Monday, January 24, 2011
Setting Food on Fire with Sheila Connolly
I was raised by cooks who made bland food. That was what they'd grown up with, and what they knew. My mother excelled at meat-starch-veg. To be fair, the meat was not cooked to death, and the vegetables were usually fresh. My father (who didn't really cook) followed the duPont dietBwhich to me sounds like the predecessor of the Atkins dietBfor years, with heavy emphasis on meat, broiled. I keep wondering how I emerged from that environment with any interest in cooking at all. But I did.
The protagonists of my two current series, Meg Corey (the Orchard Mysteries) and Nell Pratt (the Museum Mysteries), both enjoy food, but they aren't really into cooking (too busy solving crimes, among other things). However, Berkley Prime Crime wants recipes, so I include recipes, at least in the Orchard seriesBwith no fire (but lots of apples!). And I did write one book (Red Delicious Death) in which I created an entire restaurant!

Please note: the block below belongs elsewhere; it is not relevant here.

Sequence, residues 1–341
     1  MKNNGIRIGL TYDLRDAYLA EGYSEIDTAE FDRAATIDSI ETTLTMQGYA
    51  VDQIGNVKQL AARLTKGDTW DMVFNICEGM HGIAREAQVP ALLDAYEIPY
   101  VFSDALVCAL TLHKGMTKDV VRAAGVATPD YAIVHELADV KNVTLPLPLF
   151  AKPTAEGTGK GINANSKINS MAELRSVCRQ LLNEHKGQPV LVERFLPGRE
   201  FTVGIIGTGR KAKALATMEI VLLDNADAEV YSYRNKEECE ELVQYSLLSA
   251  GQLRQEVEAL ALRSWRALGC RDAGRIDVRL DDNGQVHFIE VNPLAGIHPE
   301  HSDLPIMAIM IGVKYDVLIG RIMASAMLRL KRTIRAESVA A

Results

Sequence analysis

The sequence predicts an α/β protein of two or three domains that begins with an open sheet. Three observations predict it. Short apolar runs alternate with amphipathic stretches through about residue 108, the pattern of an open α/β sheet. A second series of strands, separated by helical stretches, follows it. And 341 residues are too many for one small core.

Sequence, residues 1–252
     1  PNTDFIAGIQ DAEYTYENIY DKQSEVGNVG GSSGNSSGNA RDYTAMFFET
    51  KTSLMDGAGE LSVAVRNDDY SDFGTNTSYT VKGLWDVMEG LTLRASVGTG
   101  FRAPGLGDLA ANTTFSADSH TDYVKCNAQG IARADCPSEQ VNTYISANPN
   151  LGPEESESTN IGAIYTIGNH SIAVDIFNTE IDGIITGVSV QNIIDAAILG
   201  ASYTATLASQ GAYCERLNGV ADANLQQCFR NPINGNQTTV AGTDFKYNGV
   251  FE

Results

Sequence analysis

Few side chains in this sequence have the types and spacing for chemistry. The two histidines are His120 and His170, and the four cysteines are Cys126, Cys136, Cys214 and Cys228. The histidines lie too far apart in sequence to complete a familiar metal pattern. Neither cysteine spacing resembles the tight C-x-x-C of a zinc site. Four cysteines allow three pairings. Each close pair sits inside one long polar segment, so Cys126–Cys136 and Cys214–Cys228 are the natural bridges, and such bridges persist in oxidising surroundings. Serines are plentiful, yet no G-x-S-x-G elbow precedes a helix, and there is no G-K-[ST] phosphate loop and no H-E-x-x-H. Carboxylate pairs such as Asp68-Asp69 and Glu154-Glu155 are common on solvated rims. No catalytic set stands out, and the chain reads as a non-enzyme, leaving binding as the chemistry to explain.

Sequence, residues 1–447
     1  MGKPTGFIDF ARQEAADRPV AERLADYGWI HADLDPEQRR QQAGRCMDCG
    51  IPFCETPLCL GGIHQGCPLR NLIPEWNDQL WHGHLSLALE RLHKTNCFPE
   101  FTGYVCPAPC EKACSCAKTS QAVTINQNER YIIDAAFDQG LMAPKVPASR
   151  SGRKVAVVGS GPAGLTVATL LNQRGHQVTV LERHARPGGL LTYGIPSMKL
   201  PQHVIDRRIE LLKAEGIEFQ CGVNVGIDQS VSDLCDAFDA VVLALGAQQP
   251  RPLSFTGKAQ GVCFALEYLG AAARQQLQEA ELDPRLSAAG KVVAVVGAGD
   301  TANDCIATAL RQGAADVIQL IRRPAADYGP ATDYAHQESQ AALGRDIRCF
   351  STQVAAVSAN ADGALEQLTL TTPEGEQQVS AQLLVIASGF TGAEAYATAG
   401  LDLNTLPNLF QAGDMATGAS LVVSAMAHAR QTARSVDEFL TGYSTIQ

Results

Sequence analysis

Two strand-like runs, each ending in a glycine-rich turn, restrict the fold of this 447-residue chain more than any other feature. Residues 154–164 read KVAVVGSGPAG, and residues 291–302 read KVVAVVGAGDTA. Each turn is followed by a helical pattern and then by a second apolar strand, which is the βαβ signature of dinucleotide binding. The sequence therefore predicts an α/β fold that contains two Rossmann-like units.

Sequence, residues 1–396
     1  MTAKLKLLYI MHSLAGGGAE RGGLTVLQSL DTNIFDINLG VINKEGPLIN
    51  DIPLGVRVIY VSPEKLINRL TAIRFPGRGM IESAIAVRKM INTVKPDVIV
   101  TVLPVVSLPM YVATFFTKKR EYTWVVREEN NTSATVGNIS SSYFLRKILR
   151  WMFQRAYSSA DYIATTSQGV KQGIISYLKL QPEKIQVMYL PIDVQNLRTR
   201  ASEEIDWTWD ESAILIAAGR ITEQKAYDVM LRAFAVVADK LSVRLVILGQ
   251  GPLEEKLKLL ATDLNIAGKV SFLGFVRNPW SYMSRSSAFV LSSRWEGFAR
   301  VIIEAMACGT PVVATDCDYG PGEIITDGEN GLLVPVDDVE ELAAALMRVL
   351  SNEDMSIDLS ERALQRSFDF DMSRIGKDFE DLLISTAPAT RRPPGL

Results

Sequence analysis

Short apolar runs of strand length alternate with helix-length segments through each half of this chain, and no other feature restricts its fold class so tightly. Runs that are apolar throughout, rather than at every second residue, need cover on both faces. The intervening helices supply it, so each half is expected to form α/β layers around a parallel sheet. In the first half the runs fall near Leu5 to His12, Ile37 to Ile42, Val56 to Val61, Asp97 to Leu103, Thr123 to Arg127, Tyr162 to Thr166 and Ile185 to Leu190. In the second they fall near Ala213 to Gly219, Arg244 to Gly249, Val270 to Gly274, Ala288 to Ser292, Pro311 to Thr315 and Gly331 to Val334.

But! My first series (written under the name Sarah Atwell) was set in Tucson, Arizona, and there's no way to write about Arizona without exploring spicier food. On the minus side, my protagonist Em Dowell hates to cook. On the plus side, I had to come up with some pretty simple recipes for her, and that includes Em's Foolproof Slow Cooker Chicken Chili.
Since when I started I knew little about spicy cooking, I had to do my homework on chile peppers, and I acquainted myself with dried chile peppers, courtesy of Penzey's Spices catalog. I assume you fans of "hot" already know about the heat ratings. I'll confess that I'm cautious, so I've stuck mostly to Ancho peppers, with an occasional Chipotle thrown in. The advantage of this recipe is that you can make it as hot (or not) as you like, depending on which chile you choose to use. The flavor is great, whatever you use.
EM'S FOOLPROOF SLOW COOKER CHICKEN CHILI
Note: Many local supermarkets don't carry a variety of fresh chiles, but dried peppers work well, as long as you soak them long enough to allow you to remove the seeds and veins.
4 cups chicken broth
1 15-oz. can beans (you may use black, white, or whatever you have)